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    The Musical Instrument Museum: A National Treasure

    Issue 168

    Jeff Weiner has been a volunteer museum guide/docent at Phoenix, Arizona’s Musical Instrument Museum for the last five years. Some of the content of this article has been adapted from material on the museum’s website.

    Introduction

    Realizing that most musical museums feature historic, primarily Western classical instruments, the founder of Phoenix, Arizona’s Musical Instrument Museum (MIM), Robert J. Ulrich (then CEO of Target Corporation), began with a vision to create a museum that would be global in scope. He wanted to develop a new kind of museum that would showcase the kind of instruments played by people worldwide. From its beginnings in 2010, the goal was to deliver an educational and inspiring musical experience.

    The Musical Instrument Museum has a collection of over 8,000 instruments from more than 200 countries. The galleries reflect the diversity and history of many world cultures. As the museum’s website notes: “music and instruments also show us what we have in common…music is the language of the soul.” A visit to MIM is also about experiencing the sensory nature of music and how it affects our emotions. Through interactive media, guests can see the instruments, hear their sounds, and see them being played in their original contexts.

    MIM’s collection was assembled by five curators, with consultation from distinguished ethnomusicologists, organologists, and other field experts. The bulk of the collection is highlighted in a series of Geographic Galleries that divide the world into five major global regions. There are also exhibition spaces such as the Target Gallery, which hosts traveling and special exhibitions, and the Artist Gallery, which includes noteworthy musical instruments and artifacts associated with some of the world’s leading musicians.

    Why is the museum located in Phoenix? It’s one of the largest metropolitan areas in the United States, with a culturally diverse population. Drawn by the Grand Canyon and other natural wonders of the Southwest as well as by the city itself, many national and international visitors travel to and through Phoenix.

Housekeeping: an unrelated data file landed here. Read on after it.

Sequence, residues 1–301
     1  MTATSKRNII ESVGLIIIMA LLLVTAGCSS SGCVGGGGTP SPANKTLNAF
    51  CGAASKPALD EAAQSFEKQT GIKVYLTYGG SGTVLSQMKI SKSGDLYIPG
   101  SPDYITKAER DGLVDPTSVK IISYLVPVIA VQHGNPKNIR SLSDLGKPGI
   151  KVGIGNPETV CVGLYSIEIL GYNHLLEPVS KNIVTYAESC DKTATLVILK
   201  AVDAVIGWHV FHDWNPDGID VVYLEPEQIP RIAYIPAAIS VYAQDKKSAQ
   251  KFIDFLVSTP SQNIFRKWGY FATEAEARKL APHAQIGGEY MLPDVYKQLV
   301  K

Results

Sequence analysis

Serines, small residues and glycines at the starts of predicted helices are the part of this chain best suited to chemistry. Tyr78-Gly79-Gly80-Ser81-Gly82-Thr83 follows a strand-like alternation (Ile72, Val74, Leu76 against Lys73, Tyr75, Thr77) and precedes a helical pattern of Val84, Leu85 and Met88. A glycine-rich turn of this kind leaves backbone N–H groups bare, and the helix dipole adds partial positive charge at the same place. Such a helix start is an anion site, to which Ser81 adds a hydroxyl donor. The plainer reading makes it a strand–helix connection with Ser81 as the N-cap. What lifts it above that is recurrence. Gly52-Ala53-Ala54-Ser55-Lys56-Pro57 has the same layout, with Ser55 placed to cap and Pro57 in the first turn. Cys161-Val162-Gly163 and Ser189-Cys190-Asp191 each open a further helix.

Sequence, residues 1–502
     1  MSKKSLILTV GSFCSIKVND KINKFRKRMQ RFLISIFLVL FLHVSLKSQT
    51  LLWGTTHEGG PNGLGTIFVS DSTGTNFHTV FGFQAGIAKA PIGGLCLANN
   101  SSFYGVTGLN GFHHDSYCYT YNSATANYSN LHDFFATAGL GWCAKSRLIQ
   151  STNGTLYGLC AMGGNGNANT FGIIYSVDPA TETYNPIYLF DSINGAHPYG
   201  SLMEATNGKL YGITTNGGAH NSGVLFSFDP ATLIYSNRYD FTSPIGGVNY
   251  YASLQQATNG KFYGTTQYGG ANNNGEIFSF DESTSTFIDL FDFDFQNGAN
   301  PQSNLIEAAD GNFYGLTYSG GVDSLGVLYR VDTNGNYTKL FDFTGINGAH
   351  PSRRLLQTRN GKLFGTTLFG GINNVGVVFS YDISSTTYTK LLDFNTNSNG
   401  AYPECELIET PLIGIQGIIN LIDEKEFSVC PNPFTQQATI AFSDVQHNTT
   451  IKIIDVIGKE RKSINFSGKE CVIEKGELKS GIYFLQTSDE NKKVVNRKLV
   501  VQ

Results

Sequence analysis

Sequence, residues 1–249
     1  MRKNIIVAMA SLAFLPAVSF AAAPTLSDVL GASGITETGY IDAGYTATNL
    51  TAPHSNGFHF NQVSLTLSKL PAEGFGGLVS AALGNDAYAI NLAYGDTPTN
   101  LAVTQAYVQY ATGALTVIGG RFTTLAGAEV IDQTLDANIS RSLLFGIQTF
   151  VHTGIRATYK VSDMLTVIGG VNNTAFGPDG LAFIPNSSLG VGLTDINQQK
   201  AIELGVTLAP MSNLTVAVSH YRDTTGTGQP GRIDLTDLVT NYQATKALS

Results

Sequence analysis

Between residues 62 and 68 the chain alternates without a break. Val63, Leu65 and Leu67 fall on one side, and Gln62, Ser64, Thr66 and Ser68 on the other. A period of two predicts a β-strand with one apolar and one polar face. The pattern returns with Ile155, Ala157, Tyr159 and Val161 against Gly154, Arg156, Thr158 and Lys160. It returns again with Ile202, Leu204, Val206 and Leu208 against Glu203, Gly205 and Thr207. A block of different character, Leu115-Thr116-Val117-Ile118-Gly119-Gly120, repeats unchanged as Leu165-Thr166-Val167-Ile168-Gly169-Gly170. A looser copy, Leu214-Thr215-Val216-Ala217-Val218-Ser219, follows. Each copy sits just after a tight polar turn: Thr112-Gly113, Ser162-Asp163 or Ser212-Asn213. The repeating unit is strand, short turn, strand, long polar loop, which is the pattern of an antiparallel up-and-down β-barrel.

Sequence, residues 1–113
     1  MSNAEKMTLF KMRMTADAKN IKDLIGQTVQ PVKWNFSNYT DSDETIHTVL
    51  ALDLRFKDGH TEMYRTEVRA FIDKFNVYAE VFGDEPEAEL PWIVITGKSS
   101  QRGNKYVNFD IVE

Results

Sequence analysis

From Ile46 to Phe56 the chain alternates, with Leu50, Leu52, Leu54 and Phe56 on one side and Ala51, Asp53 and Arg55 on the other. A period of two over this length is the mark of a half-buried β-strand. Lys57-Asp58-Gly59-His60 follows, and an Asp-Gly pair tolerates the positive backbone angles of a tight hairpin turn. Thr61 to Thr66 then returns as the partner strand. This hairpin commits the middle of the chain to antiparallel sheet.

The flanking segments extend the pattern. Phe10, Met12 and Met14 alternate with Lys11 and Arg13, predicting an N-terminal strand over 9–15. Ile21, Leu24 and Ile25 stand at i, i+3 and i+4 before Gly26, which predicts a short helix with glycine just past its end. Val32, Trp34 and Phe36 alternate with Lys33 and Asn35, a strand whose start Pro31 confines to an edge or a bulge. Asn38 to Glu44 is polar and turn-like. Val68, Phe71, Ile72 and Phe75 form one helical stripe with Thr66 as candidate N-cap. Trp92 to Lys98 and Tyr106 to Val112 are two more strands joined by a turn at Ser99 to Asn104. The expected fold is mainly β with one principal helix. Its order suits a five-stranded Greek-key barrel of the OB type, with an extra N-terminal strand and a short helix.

The Architecture

    The Musical Instrument Museum is a 200,000 square foot building across two levels. It was designed by architect Rich Varda, in conjunction with the firm of RSP Architects. MIM’s distinctive architecture pays homage to the desert landscape, the rhythms of musical composition, and the design of musical instruments. Indian sandstone is the primary element on the building’s façade. To quote Varda, “the design team is most proud of the fact that the spaces of the building are comfortable, friendly, and supportive of the desired immersive experience in the galleries. Moving through the building is intuitive and relaxing.”

     

    Interior architecture of the Musical Instrument Museum.

    Interior architecture of the Musical Instrument Museum.

     

    These are some of the highlights of MIM’s architecture:

    • The sandstone walls evoke the topography of the Southwest, while raised key shapes in the exterior stonework evoke musical notes.
    • A “piano key” pattern plays across MIM’s walls in clusters of windows.
    • Patterns that evoke music can be found throughout the building on staircase railings, lighting, and floor tiles.
    • The “meandering river” of the central corridor, El Río, is another reference to the region’s landscape.
    • The rotunda’s inlaid world map is formed with stones from the world regions they represent.
    • The rotunda’s elegant curve is reminiscent of the shape of a grand piano.

    The Galleries

    MIM presently displays more than 5,300 instruments representing all the world’s countries, and many territories. The Geographic Galleries focus on major world regions: Africa/Middle East, Asia and Oceania, Latin America, Europe, and the United States/Canada. Many of the instruments displayed are rare examples, the finest of their kind, historically significant, or part of distinctive musical cultures. Video monitors with footage of musical performances show instruments played in their original contexts.

    The United States/Canada Gallery has a specific focus on musical genres such as jazz, rock and roll, Appalachian, and Hawaiian music. A large area at the gallery entrance showcases Native American and First Nations instruments.

     

    An exhibition of musical instruments from the Democratic Republic of the Congo.

    An exhibition of musical instruments from the Democratic Republic of the Congo.

     

    Woodstock at 50 exhibition.

    Woodstock at 50 exhibition.

     

    The Musical Instrument Museum’s Artist Gallery highlights a broad cross-section of world musicians with ever-changing exhibits that span sounds, styles, and eras. Through generous partnerships, MIM features historic instruments owned, played, and loved by noted musicians. Nearly 40 displays showcase instruments and artifacts from artists such as Elvis Presley, Tito Puente, the Carter Family and Johnny Cash, Roberta Flack, Glen Campbell, Joan Baez, Maroon 5, and others.